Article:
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Platform

PC

 

Genre

Strategy

 

Publisher

Take-Two Interactive

 

Developer

BreakAway Games

 

ESRB

T (Teen)

 

Released

Q1 2002

 

 

- Increased scenarios make for increased playing options
- New edicts can employ much more sinister gameplay if desired
- More of the award-winning music from the original game

 

 

- Speed of building structures is still amazingly slow
- Randomized natural disasters need improvement in their execution
- How to complete scenario mission requirements sometimes vaguely presented

 

 

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Tropico: Paradise Island (Expansion Pack)

Score: 9.2/10

 

Tropico stormed onto the PC real-time strategy scene last year, providing a refreshingly new RTS city-builder that successfully incorporated some elements of both SimCity and the hotly popular The Sims with a lot of tongue-in-cheek politically seeded in-game humor that made for a truly spectacular title of the genre. Despite its relatively positive reception by both critics and gamers, it lacked some depth and contained some relatively minor issues in relation to the game's operation that needed some tweaking.

 

paradise-island-1.jpg (250401 bytes)         paradise-island-2.jpg (243427 bytes)

 

Now almost a year later an expansion pack, Paradise Island, has been released. Where depth was lacking in the original, Tropico: Paradise Island gives a deeper, more challenging fun-in-the-tropical-sun aspect to your overall RTS gaming needs, especially in the new tourist scenarios. And many of the minor negative gameplay issues that needed some amending in the original release have been addressed as well, making Tropico now (when paired with Paradise Island) the game it could have been then with a little more development time.

You again assume the Tropican leader role of the Fidel Castro-inspired El Presidente, trying to hold onto power of your beautiful exotic locale as long as possible. How you retain your power is up to you. You can set up a democratically-based government that keeps your island people happy campers or a communist-modeled regime holding those on your island firmly under a size-14 iron boot while at the same time stashing away a few bucks in a Swiss bank account for your eventual "retirement". But this time around you have many more gameplay options at your disposal. BreakAway Games has added 23 new scenarios on top of all the original ones, more edicts for you to issue, 12 new buildings to construct, new tourists that you can lure into spending money on your island paradise, randomized natural disasters that can affect your game and other features that make for a deeper and more enriching gaming experience over the original.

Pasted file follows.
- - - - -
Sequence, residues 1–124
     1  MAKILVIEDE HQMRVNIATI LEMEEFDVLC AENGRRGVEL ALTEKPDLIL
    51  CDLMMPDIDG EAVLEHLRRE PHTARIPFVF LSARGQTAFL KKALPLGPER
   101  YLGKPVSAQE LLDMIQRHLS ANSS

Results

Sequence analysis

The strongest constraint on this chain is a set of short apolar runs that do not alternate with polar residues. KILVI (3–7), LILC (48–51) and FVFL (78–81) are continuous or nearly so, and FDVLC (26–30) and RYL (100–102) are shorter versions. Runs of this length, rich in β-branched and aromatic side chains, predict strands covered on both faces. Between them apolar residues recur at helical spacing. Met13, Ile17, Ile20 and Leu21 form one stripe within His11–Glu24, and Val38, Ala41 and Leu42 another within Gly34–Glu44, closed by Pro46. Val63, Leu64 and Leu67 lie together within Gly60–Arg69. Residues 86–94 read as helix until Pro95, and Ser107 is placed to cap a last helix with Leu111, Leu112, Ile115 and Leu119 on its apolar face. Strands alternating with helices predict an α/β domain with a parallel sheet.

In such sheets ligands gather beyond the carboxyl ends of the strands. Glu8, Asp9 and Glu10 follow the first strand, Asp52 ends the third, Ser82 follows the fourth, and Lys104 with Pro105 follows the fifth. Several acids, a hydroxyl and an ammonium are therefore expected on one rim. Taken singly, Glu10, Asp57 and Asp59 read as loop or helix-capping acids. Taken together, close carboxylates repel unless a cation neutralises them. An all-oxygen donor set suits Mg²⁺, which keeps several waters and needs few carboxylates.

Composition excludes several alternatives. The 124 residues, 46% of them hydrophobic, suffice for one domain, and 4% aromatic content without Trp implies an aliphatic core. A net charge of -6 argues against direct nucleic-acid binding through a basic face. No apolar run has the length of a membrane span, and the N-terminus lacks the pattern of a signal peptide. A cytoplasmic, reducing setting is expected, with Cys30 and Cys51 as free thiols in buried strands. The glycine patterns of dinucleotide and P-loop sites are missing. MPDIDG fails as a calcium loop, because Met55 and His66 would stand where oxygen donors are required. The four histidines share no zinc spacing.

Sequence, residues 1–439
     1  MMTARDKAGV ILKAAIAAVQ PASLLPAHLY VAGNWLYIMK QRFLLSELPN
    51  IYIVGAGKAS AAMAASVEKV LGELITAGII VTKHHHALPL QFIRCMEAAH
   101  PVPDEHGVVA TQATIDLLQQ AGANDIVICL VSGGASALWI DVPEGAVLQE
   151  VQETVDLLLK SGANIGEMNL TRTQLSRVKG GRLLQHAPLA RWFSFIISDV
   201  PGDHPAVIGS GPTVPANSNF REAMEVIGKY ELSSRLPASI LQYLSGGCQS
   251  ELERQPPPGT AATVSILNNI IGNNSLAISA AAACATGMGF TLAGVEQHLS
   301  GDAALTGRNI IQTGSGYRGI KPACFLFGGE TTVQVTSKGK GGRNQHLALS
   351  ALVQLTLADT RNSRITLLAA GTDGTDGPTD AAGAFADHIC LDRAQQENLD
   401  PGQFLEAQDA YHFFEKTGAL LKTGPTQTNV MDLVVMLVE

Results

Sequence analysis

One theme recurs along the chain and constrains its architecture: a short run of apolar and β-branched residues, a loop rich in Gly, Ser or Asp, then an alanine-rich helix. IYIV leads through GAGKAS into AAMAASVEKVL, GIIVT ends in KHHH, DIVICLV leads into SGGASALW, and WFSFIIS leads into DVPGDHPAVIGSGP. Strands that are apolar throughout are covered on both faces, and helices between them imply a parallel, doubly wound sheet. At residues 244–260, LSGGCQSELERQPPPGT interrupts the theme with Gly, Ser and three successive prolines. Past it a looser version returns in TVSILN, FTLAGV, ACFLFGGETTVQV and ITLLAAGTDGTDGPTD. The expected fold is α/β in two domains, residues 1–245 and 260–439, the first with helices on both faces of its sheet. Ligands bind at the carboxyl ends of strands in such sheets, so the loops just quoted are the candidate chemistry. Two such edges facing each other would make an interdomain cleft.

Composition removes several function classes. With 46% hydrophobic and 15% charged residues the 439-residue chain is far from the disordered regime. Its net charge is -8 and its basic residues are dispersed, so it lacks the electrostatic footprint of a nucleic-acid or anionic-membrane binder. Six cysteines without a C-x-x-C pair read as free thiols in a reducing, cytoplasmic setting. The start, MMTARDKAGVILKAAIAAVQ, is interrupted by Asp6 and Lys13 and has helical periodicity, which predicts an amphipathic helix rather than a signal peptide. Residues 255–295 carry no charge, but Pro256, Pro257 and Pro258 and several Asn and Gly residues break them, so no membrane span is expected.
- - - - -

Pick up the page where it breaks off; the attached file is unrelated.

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As the name implies, your gameplay is zeroed in on making Tropico a paradise island for attracting the lucrative tourist trade. Most of the new scenarios included are plotted out exactly for the sole purpose of getting non-natives to visit your sunny shores. New wayfarers looking at Tropico's travel brochures are eco-tourists and spring-break students (Miami Beach must have been booked solid). And as before, Tropico: Paradise Island puts 

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emphasis on keeping track of the citizenry and visitors on Tropico. Like The Sims, you can read the often-humorous thoughts of each distinctive individual person on the island. This "Miss Cleo" ability can be a big help in plotting out your next course of game actions.

Visually, the game retains the high level of eye-pleasing graphics that were in the original game using PopTop's S3D engine, although the buildings are less colorful than the character models that make up the islanders and visitors. There also is a better frame rate present in the expansion pack because even though I was using the exact same computer as when I reviewed the original game, there was none of the slowdown or choppy breakup this trip to Tropico during the playing of the cut-scenes or when too many buildings and people were on-screen at one time.